Someone you love is battling a drug or alcohol addiction, and you want to be supportive. You’ve heard other friends and family members offering gentle words of encouragement, but so far the person isn’t making much progress in their recovery. So you begin to wonder if a little “tough love” is in order. As we tell the family and friends of the people we work with at our Sacramento residential treatment center, that’s a “tool” you need to be very careful with.
Wielding Words as Weapons
While there may be certain instances when a more firm approach to encouragement is in order, or certain people who respond better to tough love, more often than not words that have an edge to them are not helpful for someone who is trying to get some traction in their recovery. Here are some things you should think twice (or more!) before saying:
“I know somebody who’s even worse off than you.”
The subtext here is “… so you should have no problem beating this thing.” However, the truth is it’s very much a problem to beat this thing or your loved one would have done it long ago. Comparing their situation to someone else’s in a negative way is unfair and unhelpful.
“It doesn’t seem like you’re trying very hard.”
While the behaviors associated with addiction are visible, the addiction itself is a mental disorder that can’t be seen. Even as a person with an addiction is using the substance they are addicted to, they may be trying desperately in their head to fight their urges.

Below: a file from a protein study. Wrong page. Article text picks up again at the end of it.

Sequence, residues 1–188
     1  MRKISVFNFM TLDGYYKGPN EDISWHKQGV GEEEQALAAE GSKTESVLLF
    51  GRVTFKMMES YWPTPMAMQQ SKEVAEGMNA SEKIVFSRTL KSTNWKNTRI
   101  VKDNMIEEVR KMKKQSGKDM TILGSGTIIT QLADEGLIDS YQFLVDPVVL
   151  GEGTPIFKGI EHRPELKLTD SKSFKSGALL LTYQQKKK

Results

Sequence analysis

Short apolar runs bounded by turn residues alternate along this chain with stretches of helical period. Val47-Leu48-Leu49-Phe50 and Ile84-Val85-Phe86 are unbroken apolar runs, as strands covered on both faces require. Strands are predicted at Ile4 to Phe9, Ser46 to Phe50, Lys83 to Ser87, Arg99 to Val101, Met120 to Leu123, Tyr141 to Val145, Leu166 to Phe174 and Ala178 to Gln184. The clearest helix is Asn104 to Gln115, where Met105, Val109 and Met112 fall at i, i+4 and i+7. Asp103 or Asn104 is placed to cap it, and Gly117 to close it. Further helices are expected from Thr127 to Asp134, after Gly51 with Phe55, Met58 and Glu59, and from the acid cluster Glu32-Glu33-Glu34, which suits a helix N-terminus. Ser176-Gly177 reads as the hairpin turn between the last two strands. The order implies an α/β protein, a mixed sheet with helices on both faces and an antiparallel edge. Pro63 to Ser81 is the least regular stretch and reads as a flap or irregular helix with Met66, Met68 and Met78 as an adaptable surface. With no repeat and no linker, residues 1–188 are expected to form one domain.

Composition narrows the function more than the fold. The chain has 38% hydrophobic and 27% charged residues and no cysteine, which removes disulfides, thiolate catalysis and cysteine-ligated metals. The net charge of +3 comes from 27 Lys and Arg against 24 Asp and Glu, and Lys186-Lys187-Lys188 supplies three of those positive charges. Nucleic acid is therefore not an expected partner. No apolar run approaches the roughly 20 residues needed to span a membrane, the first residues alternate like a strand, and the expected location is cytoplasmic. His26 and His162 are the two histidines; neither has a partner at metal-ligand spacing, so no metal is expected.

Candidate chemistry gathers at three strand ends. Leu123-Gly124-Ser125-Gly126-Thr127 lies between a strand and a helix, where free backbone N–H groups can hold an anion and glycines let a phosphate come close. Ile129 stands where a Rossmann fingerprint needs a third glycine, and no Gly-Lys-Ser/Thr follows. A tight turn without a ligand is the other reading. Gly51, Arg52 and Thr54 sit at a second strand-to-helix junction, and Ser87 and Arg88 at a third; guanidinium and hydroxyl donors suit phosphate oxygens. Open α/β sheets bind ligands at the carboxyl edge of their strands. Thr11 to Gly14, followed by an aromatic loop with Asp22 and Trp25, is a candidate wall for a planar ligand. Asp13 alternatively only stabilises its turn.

“Do you know all the pain you’ve caused?”
Yes, they know. In fact, in all likelihood, nobody knows better than they do. Generally speaking, people with addictions don’t want to hurt people any more than people without addictions. Piling more guilt on top of the guilt they are already feeling is in no way a motivator. In fact, it is mentally and emotionally draining and therefore very counterproductive.
“When will you be fully recovered?”
There is no defined timeline for recovery. It may take weeks, months, or years depending on the myriad of factors that may be impacting a particular person. And of course, it’s likely the person hears the question more as, “Why aren’t you recovered already?”
Think Before You Speak
If you care about someone who is battling an addiction, you can express that caring by choosing your words carefully. At our drug treatment center in Sacramento, we encourage family and friends to be as patient and understanding as they can possibly be. Recovery is a process and it takes time. But, of course, it’s so worth it. Got questions about our programs? Give us a call.